Job losses linked to myocardial infarction in US cohortBMJ 2012; 345 doi: http://dx.doi.org/10.1136/bmj.e7839 (Published 21 November 2012) Cite this as: BMJ 2012;345:e7839
Unemployment has often been linked to poor mental and physical health, and the latest study reports a significant association between a disrupted employment history and risk of myocardial infarction in middle aged US adults. Risk rose steadily as the number of job losses accumulated, so that adults who had lost at least four jobs were 63% more likely to report a new myocardial infarction during eight years of follow-up than adults who had lost none (hazard ratio 1.63, 95% CI 1.29 to 2.07). Risk was particularly high in the first year of unemployment in analyses adjusted for more than a dozen social, demographic, and clinical variables including symptoms of depression⇑.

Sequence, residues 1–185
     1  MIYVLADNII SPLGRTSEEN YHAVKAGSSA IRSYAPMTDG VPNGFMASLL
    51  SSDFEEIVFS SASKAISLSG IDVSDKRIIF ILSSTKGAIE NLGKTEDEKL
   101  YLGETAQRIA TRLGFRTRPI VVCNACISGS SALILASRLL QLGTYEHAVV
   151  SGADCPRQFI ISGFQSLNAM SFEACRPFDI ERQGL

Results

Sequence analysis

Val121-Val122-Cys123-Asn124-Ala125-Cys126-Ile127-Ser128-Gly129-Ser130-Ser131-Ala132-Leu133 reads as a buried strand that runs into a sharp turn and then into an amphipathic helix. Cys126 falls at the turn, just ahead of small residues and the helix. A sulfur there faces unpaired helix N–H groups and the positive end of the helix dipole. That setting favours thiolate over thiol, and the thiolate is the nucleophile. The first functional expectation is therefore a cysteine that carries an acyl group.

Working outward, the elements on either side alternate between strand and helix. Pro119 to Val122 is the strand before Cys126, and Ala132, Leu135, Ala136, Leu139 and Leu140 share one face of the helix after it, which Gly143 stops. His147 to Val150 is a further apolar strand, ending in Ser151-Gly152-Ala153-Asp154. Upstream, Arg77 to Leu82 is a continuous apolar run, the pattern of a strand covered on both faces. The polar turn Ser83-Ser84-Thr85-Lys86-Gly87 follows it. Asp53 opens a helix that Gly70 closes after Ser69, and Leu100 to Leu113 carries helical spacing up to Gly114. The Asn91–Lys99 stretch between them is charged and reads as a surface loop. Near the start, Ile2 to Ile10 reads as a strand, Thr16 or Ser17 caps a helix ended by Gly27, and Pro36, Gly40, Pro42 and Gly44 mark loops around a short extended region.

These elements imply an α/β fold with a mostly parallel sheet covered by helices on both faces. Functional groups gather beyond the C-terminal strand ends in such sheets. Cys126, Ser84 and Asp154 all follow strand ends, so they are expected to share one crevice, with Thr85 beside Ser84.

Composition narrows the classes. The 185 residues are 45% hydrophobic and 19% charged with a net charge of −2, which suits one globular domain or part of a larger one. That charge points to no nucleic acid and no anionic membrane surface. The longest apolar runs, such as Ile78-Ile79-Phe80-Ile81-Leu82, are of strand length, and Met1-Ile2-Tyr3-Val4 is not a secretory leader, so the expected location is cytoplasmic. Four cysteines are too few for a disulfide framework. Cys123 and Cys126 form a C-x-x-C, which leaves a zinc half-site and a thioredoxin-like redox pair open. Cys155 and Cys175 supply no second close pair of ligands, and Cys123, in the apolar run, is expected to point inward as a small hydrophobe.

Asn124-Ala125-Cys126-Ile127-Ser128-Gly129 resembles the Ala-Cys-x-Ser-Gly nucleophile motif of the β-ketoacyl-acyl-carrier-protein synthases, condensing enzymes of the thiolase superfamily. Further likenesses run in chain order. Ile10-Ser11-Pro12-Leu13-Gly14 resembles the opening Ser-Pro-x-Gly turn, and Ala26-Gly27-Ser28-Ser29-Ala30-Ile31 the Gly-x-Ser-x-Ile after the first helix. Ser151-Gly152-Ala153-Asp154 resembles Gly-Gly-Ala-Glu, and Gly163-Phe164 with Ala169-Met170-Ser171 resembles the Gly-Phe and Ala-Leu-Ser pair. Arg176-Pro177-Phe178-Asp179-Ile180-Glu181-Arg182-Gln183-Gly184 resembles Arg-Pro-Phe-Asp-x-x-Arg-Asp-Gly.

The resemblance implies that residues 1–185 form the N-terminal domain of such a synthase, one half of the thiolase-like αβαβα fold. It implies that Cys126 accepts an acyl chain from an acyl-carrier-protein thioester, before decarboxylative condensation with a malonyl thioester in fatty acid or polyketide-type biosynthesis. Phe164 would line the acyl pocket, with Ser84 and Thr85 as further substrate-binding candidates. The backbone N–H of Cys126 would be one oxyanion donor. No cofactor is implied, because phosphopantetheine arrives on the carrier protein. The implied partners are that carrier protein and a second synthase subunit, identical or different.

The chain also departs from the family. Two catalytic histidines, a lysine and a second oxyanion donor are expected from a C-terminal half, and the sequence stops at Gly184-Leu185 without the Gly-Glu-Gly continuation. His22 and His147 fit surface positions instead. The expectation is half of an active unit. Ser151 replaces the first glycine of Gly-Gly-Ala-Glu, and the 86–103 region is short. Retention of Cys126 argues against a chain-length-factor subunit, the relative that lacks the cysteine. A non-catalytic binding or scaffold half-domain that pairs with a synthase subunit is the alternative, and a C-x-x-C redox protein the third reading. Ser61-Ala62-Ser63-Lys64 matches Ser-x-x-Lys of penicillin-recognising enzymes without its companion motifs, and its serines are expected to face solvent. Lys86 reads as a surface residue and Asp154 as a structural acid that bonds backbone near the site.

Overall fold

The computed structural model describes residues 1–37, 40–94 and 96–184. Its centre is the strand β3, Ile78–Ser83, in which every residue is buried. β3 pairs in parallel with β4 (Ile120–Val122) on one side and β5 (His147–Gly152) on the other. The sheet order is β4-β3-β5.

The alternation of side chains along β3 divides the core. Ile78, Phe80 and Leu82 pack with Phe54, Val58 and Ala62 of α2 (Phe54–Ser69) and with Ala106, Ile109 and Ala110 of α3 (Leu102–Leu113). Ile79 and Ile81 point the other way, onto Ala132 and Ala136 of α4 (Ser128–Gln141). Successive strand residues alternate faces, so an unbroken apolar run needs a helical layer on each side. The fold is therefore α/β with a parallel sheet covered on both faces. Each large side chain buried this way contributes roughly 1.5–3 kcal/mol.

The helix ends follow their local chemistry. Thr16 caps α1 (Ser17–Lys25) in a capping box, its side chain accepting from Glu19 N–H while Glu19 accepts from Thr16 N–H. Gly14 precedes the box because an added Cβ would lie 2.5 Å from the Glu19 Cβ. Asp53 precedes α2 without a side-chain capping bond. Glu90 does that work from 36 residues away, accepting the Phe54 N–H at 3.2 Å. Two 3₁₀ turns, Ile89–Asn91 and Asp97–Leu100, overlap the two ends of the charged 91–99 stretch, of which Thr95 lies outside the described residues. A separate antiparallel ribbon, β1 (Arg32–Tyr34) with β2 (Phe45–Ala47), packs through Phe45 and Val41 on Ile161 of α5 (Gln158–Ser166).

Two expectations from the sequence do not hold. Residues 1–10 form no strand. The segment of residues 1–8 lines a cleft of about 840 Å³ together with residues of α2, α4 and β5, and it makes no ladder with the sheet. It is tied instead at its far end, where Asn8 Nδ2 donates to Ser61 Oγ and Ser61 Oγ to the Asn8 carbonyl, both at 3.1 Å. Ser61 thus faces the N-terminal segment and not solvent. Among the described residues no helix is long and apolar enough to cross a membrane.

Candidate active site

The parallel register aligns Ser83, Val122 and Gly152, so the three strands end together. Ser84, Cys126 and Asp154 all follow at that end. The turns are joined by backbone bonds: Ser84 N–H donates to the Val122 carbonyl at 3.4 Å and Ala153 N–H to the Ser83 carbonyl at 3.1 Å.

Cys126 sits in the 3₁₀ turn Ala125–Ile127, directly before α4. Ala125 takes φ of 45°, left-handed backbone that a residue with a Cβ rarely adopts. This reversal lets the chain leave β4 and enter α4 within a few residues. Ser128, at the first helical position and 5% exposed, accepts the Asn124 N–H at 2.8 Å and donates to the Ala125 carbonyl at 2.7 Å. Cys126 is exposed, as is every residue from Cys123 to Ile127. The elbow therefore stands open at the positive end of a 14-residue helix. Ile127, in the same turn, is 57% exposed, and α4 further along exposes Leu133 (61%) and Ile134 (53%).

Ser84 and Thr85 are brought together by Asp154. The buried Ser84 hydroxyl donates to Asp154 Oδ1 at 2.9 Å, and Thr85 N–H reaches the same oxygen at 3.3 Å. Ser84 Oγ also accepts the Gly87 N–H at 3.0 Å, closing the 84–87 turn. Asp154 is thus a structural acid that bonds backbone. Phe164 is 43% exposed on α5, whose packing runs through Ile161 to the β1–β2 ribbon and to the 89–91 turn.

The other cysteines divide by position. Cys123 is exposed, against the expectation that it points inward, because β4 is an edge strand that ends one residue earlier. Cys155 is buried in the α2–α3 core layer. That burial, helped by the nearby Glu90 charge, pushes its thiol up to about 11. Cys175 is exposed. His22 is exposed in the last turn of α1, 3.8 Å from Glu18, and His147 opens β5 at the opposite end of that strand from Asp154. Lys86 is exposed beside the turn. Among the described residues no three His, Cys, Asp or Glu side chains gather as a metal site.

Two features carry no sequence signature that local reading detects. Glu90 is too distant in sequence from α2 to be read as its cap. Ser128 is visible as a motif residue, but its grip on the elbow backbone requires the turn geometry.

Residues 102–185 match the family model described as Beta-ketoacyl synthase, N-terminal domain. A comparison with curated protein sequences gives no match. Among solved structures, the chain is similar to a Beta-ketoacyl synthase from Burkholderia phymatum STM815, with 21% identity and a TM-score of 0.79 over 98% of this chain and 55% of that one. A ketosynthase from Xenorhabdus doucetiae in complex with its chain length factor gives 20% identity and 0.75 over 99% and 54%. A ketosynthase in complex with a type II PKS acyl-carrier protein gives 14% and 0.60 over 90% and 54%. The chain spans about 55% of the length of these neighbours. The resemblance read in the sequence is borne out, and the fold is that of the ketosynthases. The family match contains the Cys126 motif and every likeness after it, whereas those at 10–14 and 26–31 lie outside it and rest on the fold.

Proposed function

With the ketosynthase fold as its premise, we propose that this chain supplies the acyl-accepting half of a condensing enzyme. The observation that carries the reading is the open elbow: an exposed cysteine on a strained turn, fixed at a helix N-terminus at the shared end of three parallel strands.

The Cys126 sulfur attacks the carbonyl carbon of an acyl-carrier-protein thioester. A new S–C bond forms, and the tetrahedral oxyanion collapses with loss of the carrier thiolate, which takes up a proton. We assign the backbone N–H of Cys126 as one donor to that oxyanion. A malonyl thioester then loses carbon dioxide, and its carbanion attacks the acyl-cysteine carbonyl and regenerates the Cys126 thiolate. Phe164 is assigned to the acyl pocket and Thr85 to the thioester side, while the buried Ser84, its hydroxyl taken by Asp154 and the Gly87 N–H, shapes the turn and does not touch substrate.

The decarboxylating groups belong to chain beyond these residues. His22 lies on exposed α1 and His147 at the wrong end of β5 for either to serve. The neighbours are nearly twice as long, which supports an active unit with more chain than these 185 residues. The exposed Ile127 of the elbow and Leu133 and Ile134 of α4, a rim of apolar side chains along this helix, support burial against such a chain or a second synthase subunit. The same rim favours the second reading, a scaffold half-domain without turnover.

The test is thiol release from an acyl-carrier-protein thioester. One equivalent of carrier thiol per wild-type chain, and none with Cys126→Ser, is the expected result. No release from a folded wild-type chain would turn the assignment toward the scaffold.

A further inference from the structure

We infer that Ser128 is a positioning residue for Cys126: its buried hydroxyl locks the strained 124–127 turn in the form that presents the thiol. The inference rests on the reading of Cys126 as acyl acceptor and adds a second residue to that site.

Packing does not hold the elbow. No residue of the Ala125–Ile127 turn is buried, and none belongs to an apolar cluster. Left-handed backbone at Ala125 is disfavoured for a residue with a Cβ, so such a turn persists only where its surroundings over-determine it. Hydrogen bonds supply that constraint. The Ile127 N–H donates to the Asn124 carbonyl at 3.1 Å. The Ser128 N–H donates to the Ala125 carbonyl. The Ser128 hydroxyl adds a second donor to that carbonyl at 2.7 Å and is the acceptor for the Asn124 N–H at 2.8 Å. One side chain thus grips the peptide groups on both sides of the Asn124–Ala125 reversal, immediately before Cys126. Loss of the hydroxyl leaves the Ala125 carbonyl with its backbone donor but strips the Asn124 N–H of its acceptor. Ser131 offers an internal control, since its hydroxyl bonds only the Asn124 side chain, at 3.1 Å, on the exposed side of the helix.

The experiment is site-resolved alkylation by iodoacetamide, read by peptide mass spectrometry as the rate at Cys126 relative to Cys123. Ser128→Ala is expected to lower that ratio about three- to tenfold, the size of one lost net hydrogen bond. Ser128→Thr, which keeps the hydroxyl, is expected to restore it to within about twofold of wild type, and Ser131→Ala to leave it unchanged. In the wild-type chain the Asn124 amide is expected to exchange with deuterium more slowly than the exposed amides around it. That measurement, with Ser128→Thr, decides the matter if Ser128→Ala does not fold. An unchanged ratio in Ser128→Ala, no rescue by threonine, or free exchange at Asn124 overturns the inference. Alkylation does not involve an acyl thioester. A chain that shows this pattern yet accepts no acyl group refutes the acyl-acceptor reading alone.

The new study analysed data from more than 13 000 adults, who were interviewed every two years between 1994 and 2010. It adds power and a dose response dimension to previous analyses, says a linked comment (doi:10.1001/jamainternmed.2013.1835). The study also looked at myocardial infarctions occurring after job losses, to help rule out reverse causation. The evidence linking unemployment and poor health is now compelling, and it may be time to stop looking for associations and start exploring why this happens, says the comment. If losing a job or losing multiple jobs causes poor health (and it probably does), then what are the mechanisms and can we do anything to modify them? We don’t yet know, although there are many theories. Poverty, social withdrawal, risky behaviours such as smoking, raised cortisol concentrations, and chronic anxiety are all possible contributors.
Cite this as: BMJ 2012;345:e7839